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With time running out and the final debate next week on foreign policy, Tuesday night's showdown was the last best chance for President Barack Obama and Republican challenger Mitt Romney to win on the major issue of the campaign -- the economy.
The contentious debate in New York featured pointed personal and political attacks by both men standing within arm's length of each other.
Obama demonstrated two things -- he wants to keep his job and he listened to critics who panned him for being disengaged at their first debate two weeks ago. In Round Two, the president pulled few punches and attacked Romney from the start.
Romney again showed he wasn't afraid to directly question and argue with the president. On issues from the sluggish economy to the deadly September 11 terror attack on the U.S. mission in Benghazi, Libya, many of Romney's answers aimed to indict Obama as a failed leader.
"Sitting on that stage, I didn't feel like it was personal animosity, I felt like the calendar was closing in on these guys," said CNN's Candy Crowley, the debate moderator. "I think they were both incredibly intense, they both came to play."
At times, the town hall format at Hofstra University led to a good deal of confrontation and pressure.
During the first presidential debate in Denver, Obama was criticized for looking down too often and not looking at Romney while he talked. In the town hall debate, Obama engaged Romney, the audience and the moderator more frequently.
Pundits had speculated the town hall format would make it hard for the candidates to go after each other. Conventional wisdom held that it was it is difficult to relate to American voters and attack each other at the same time.
The ability for Romney and Obama to walk around the stage and interact with each other made for more direct confrontation.
While one was finishing an answer, the other would rise from his stool, ready for the next question. The interaction between two men who for months have regularly attacked each other from the stump, produced some testy moments.
No point illustrated this more clearly then the exchange over the Obama administration's record on opening public lands for oil exploration.
"Governor, we have actually produced more oil ..." said Obama in response to a question from Romney. He was quickly, however, cut off by Romney -- "No, how much did you cut licenses and permits on federal land and federal waters?"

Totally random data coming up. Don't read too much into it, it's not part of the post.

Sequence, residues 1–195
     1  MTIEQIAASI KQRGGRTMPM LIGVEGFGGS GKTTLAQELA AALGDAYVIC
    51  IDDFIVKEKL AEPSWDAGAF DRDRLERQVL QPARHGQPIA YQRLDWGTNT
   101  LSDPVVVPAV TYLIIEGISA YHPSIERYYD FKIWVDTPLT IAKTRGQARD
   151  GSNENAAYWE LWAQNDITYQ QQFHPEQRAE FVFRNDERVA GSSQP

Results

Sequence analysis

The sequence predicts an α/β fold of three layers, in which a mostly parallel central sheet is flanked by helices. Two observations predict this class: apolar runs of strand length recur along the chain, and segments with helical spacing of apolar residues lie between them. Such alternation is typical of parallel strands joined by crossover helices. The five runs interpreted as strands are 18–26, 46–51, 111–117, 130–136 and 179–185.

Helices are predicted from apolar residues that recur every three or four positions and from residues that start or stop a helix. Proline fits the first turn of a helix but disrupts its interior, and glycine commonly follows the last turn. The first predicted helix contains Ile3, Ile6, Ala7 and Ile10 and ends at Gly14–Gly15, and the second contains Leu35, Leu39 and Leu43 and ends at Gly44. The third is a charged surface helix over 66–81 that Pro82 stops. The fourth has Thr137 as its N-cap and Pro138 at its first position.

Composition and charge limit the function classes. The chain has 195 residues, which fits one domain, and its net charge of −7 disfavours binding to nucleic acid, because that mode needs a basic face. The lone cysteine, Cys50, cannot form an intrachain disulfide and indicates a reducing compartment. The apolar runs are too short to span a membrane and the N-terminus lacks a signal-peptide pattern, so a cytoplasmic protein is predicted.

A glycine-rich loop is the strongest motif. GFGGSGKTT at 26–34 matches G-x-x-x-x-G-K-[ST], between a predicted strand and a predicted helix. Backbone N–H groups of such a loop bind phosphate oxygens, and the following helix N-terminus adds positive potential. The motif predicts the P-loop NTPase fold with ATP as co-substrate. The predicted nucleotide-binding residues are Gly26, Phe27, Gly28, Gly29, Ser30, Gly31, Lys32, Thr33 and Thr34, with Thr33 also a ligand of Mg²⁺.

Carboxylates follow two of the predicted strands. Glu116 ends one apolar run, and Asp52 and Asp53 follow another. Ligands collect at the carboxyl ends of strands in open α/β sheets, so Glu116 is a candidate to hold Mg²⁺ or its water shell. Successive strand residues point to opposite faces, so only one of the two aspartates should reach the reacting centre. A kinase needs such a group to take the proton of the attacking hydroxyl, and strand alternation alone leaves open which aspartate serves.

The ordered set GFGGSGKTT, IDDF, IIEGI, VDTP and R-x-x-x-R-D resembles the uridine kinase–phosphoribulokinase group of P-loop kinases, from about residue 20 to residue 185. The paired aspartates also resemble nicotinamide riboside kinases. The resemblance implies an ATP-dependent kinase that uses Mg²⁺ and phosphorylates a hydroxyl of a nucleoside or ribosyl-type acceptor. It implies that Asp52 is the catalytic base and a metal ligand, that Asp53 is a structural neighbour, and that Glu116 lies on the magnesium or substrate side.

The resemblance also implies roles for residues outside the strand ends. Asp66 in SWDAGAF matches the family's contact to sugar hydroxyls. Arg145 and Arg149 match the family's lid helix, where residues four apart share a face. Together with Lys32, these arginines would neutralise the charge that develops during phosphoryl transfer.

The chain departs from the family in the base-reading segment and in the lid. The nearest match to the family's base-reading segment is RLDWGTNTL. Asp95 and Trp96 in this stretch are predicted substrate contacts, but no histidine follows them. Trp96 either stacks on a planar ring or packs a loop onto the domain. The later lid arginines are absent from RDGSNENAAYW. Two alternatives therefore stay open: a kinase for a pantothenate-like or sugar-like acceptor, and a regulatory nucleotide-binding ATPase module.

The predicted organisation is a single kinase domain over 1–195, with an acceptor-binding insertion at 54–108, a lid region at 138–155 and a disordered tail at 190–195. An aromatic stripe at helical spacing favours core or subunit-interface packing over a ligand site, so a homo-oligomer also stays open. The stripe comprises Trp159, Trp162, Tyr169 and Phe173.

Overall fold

Obama again began to answer, "Governor Romney, here is what we did: We had a whole bunch of oil companies," said the president, before Romney jumped in again -- "The question is how much did you cut them by?" the former Massachusetts governor asked.
Following Obama's answer, Romney got his turn to speak.
"I don't think anyone really believes that you are a person who is going to be pushing for oil and gas and coal," Romney said.
Obama, then, rose from his chair.
"You will get your chance in a moment. I'm still speaking," Romney said, with his finger in the air directed at Obama.
There were similar confrontations on investments in China, questions about the Libya attack, and in one particularly memorable moment -- the type of investments in each candidate's pension fund.
During the debate, Obama contested "that Governor Romney invested in companies that were pioneers of outsourcing to China."
The claim has been made previously against Romney's pension fund, so in response, Romney questioned Obama's own retirement account.
What transpired was an extended amount of cross talk, where Obama and Romney repeatedly tried to out talk each other.
"Mr. President, I'm still speaking. ... Mr. President, let me finish. ... I've got to continue," Romney said.
Romney then asked if the president looked at his own pension fund - a set up question that allowed the Republican challenger to contend that the president, too, has invested in Chinese companies.
"Mr. President, have you looked at your pension?" Romney asked.
"I don't look at my pension," Obama responded. "It's not as big as yours so it doesn't take as long."
To many Democrats, Obama was missing that fire in the first debate. Because of that performance, the president acknowledged coming into Tuesday that he would have to be more aggressive.
Sen. John Kerry of Massachusetts, the man who played Romney in debate prep, said Obama could have been more confrontational.
"The president could have been more aggressive tonight given some of the things that Mitt Romney said," Kerry told CNN's Jessica Yellin. "He held back on a few occasions."
Republicans acknowledged the president's change in style in the second debate.
"We all knew the president would be more aggressive tonight. The president said he was going to be and I think his base probably appreciated that," Sen. Rob Portman of Ohio told CNN's Jim Acosta. "I don't think the undecided voter in Ohio thought it was very effective, but the president was on the attack."